Magnetic resonance imaging (MRI) is a type of medical imaging that uses radio waves and a strong magnetic field to provide detailed images of the body. It’s often used to help diagnose diseases of the brain, spine, skeleton, abdomen, and soft tissues.
Mayfair Diagnostics has been performing private pay MRIs in Calgary since 1999 at our Mayfair Place location. In Saskatchewan, we have been offering MRI services in Regina since 2015 and in Saskatoon since 2020. We offer MRIs in Saskatchewan as publicly funded, community-based services under contract with the Saskatchewan Health Authority and as private pay exams. Private MRI services in Saskatchewan are provided in accordance with and under the legislation of the Province of Saskatchewan.
Whether public or private, an MRI must be requested by a health care practitioner. To determine whether it’s appropriate for you, your doctor will often review your medical and family history, risk factors, how long symptoms have been present, and how they affect daily activities.
If a private MRI is indicated as a best next course of action, your doctor will provide you with a requisition and preparation instructions for your exam. You will then be able to book the appointment. In the case of a public MRI in Saskatchewan, your health care practitioner will forward your name and we will contact you to arrange an appointment.
By exposing hydrogen atoms within our body to a magnetic field, MRI can control the direction and frequency at which hydrogen protons spin. A radio frequency (RF) pulse specific to the “resonance” of hydrogen is directed toward the area of the body we want to examine, while smaller magnets are turned off and on rapidly, in a specific way, to alter the magnetic field on a small, but localized level.
A computer interprets the signals from the RF waves as mathematical data, which it then converts into a picture. This allows the system to target a specific area for imaging. Images can be taken of any part of the body with incredible detail, providing doctors with scans of the tissue from a variety of angles and directions.
Sometimes an MRI scan involves an injectable contrast, or dye, that alters the local magnetic field in the tissue being examined. Normal and abnormal tissue respond differently to this slight alteration, allowing doctors to visualize different types of tissue abnormalities.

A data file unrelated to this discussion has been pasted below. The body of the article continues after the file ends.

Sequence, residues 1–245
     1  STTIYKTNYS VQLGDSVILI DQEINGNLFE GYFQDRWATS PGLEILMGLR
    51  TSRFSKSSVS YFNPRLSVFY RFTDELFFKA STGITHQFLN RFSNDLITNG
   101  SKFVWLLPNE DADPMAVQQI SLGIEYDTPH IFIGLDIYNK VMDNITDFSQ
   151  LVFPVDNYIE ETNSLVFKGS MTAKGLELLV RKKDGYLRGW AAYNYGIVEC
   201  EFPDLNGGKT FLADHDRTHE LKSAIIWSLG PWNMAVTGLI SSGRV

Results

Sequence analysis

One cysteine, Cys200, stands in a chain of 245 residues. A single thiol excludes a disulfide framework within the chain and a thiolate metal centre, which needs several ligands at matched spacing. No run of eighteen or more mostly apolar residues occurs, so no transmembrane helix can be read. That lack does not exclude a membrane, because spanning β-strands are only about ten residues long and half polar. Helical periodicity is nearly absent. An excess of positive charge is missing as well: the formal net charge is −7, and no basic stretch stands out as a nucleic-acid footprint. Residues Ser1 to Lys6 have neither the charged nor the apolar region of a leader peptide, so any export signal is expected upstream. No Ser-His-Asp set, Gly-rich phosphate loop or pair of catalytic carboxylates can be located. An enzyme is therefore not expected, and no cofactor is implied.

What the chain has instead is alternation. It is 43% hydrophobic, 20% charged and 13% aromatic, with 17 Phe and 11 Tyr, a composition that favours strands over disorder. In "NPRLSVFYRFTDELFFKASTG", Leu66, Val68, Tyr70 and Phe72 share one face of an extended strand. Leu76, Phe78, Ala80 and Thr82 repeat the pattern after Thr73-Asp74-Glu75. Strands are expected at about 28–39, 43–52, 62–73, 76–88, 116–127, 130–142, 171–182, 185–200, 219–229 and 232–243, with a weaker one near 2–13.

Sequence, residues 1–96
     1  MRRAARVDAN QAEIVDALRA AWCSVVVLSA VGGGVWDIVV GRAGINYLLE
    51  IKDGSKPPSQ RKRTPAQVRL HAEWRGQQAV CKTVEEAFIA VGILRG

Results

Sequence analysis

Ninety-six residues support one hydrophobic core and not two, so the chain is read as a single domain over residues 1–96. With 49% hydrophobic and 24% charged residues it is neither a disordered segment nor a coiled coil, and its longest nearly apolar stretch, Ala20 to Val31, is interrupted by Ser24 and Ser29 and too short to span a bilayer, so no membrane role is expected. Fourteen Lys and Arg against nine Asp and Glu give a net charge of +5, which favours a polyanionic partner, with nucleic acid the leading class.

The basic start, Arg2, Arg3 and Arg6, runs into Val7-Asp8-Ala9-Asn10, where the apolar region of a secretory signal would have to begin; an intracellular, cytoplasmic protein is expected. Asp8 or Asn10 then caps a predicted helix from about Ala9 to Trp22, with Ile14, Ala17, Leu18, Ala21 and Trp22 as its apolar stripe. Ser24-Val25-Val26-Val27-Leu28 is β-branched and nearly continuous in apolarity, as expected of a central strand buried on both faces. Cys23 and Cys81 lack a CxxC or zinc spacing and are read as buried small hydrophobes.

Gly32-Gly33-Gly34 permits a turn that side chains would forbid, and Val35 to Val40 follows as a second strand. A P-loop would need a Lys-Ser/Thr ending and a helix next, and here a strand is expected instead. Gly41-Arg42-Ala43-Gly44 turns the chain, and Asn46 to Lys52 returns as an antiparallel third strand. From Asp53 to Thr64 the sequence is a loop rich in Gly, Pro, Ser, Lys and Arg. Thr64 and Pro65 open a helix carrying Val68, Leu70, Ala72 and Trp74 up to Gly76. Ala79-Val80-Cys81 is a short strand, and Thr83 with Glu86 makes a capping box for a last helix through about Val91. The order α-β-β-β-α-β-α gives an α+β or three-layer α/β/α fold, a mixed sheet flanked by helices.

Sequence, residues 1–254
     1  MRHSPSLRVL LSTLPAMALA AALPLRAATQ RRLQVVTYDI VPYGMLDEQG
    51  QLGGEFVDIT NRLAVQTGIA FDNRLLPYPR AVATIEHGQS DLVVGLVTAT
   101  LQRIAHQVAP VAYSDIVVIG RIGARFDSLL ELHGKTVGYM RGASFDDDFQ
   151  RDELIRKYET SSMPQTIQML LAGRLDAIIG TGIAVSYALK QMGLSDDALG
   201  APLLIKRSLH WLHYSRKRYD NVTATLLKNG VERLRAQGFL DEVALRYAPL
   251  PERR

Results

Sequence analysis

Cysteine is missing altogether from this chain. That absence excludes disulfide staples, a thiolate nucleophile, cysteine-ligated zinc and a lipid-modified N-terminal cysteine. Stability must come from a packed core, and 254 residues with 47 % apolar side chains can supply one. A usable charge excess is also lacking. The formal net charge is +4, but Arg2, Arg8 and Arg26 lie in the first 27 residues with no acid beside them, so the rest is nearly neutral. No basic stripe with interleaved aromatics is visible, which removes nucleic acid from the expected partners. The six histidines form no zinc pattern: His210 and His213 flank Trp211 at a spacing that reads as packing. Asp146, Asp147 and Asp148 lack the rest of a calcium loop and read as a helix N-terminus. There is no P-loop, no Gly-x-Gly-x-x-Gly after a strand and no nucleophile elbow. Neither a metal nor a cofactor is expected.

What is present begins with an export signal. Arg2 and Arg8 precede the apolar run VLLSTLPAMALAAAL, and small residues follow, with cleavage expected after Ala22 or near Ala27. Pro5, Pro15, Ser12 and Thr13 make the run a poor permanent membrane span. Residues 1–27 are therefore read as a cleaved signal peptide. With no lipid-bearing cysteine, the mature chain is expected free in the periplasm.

The spinning atom effect was first observed during the late 1930s, but medical applications were not discovered until the 1970s. MRI was first used for clinical purposes in the 1980s and over 60 million MRIs are performed annually around the world.
The MRI machine is a large magnet, so it’s important to make sure that you are properly screened for internal metal objects and changed prior to your exam. Please note that a private change room is provided as well as a locker to lock up personal items, which must be kept outside of the exam room.
Depending on the type of exam, you may need an intravenous (IV) injection of contrast solution. You will be positioned by one of our compassionate and experienced technologists, and a sensor is placed around the body part being scanned. The scanner table then moves slowly into the scanner. You will be asked to hold very still, as movement may result in blurring of images.
An MRI can be noisy, so you will be given headphones to block some of the noise. The scanner is well lit and well ventilated, and patients can remain in contact with the technologist during the exam through an emergency call button. The exam usually takes between 25-30 minutes.
Once the technologist has confirmed that the necessary number of images have been taken, your IV will be removed (if you have one) and you will be free to leave. You will be given a copy of your images and they will also be examined by a sub-specialized radiologist who will interpret them and forward a report to your referring physician. If there are any concerns with your results, they will be phoned or faxed to your referring physician immediately. For non-urgent results, your doctor will receive a detailed report, which will outline your diagnosis and make recommendations for treatment options, usually by the next business day following your exam.
Mayfair Diagnostics is owned and operated by over 60 radiologists who are fellowship-trained in all radiology subspecialties, such as neuroradiology, body, cardiac, and musculoskeletal imaging, etc. This allows for an expert review of your imaging by the applicably trained radiologist.
Your images will be uploaded to a provincial picture archiving and communication system (PACS) – this technology provides electronic storage and convenient access to your medical images from multiple sources, such as your doctor, specialists, hospitals, and walk-in clinics.
Your doctor will review your images and the report from the radiologist and discuss next steps with you, such as a treatment plan or the need for further diagnostic imaging or lab tests to ensure an accurate diagnosis.
For more information about Mayfair Diagnostics’ MRI services, please visit our web page, or drop by our clinics.
Tretkoff, E. (2006) “This Month in Physics History – July, 1977: MRI Uses Fundamental Physics for Clinical Diagnosis.” American Physical Society News. www.aps.org. Accessed May 2, 2019.